Historic Heartland / Flovilla

Indian Spring Hotel/Museum

1807 Hwy 42
Flovilla, GA 30216

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  • Elizabeth Harris Garden

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The Indian Spring Hotel was built in 1823 as an Inn by Chief William McIntosh and his cousin, Joel Bailey, who also operated it. In 1825, a two-story addition was built. The addition included the Tavern known as the Treaty Room and a large ballroom above it. The hotel is unique and extremely significant to the history of the State of Georgia. It is the only known ante-bellum mineral springs hotel in Georgia still standing. Its history yields much data on the culture, society, and architecture of Georgia throughout the 19th century. The Federal style architecture, hand-planed wide boards, wooden pegs, and handmade bricks clearly indicate an early 19th century construction date. The foundation was made of native stone. The alcove in the wall, where the treaty was signed remains intact. Indians had been coming to the Spring for many decades prior to 1800. They believed in the medical qualities of the water. No permanent structures were built near the waters due to the fear that crying children and talking women would scare the "healing spirits" away from the waters. However, William McIntosh built a cabin here in 1800. William McIntosh signed the Treaty of 1825 at the hotel that ceded 4,700,000 acres of land occupied by the Creek Indian to the State of Georgia. The Indians, in return, received an equal amount of land west of the Mississippi River and also, the sum of $400,000. Unfortunately, McIntosh was opposed by some Upper Creek Indian villages and the Cherokee at New Echota and was killed on May 1, 1825.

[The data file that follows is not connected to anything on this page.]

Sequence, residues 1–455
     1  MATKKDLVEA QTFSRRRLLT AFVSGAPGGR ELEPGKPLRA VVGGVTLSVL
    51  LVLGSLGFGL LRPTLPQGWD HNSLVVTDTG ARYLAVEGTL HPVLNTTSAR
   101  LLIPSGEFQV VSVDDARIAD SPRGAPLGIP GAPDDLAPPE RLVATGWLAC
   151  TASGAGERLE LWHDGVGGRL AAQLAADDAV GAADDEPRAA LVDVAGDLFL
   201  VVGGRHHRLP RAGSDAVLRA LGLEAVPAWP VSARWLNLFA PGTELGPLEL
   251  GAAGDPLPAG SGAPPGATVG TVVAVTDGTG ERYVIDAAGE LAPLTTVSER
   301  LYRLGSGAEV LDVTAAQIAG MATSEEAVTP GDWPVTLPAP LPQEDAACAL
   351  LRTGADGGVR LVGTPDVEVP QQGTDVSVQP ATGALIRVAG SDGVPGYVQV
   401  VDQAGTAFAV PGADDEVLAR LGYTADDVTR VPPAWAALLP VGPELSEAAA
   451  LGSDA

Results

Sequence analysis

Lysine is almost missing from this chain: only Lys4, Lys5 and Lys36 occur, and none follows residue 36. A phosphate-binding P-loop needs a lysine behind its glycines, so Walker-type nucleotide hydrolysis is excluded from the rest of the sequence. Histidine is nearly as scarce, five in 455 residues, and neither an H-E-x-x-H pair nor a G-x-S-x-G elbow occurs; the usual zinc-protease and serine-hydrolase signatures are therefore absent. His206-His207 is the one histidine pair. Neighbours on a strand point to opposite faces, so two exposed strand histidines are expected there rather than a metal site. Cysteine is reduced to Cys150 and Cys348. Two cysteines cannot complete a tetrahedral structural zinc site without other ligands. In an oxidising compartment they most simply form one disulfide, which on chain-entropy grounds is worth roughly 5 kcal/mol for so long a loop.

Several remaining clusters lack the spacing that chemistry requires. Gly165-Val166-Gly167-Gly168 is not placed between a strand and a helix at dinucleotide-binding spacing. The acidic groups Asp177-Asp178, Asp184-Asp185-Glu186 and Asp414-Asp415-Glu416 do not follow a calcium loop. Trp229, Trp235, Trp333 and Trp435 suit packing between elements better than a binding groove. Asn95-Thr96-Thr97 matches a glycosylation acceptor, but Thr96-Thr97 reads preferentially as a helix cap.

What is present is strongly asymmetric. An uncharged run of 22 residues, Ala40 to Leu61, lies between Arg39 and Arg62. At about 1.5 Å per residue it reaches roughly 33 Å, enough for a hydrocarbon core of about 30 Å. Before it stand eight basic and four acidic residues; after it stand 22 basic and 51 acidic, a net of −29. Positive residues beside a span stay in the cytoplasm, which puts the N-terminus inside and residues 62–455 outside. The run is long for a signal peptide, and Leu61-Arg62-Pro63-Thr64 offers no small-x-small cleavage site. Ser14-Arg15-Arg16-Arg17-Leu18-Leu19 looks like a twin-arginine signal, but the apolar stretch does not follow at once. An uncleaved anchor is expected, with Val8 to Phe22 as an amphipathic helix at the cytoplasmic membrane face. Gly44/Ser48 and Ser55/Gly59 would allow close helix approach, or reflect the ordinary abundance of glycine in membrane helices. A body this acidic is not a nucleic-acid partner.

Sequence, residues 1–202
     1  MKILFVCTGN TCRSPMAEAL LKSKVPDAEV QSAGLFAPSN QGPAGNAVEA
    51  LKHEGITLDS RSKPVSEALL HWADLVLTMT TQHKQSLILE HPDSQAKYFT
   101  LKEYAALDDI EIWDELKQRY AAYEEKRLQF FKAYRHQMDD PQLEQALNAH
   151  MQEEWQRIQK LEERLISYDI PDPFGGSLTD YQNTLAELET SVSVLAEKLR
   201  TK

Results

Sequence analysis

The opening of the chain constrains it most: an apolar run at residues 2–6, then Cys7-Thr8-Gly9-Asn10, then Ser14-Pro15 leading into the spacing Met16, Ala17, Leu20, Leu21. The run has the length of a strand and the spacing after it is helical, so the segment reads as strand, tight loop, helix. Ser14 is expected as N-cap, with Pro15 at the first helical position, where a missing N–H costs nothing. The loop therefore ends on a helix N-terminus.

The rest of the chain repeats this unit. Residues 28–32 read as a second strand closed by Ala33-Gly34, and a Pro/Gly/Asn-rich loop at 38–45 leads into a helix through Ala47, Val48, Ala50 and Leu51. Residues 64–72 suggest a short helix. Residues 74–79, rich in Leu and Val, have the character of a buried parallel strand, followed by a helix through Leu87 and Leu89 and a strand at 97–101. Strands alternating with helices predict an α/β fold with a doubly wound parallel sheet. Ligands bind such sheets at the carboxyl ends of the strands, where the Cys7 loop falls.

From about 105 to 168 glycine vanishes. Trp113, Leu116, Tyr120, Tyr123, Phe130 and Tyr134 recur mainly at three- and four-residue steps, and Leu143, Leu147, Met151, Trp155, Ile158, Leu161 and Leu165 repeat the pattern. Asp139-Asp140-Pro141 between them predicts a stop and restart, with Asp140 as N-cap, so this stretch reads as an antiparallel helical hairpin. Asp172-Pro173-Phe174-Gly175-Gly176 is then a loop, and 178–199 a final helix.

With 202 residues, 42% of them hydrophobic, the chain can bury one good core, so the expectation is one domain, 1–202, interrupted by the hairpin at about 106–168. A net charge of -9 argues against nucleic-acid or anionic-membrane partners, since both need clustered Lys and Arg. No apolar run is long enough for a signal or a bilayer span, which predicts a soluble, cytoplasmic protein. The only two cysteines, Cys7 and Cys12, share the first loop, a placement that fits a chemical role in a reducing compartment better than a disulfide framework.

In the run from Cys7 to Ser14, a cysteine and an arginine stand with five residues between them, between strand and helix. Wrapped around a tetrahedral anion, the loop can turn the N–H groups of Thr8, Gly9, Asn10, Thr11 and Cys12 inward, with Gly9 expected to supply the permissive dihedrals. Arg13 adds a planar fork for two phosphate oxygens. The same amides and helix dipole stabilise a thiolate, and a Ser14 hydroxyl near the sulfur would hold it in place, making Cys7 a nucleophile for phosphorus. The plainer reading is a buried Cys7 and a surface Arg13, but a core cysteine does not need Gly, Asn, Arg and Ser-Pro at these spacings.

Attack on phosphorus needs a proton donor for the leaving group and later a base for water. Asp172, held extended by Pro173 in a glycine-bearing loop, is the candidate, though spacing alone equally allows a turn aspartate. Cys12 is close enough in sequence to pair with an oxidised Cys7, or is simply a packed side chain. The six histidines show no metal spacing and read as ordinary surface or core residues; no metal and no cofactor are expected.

Open to the public seasonally, April - October.

Info & Amenities

  • Hours of Operation

    Sunday: 1:00PM - 4:00AM
    Saturday: 1:00PM - 4:00PM

    Admission & Fees

    Adults $3.00

    Facility Amenities

    Maps & Brochures Available, Self-guided Tours

    General Information


    Group Amenities


    Suitable for Ages

    All Ages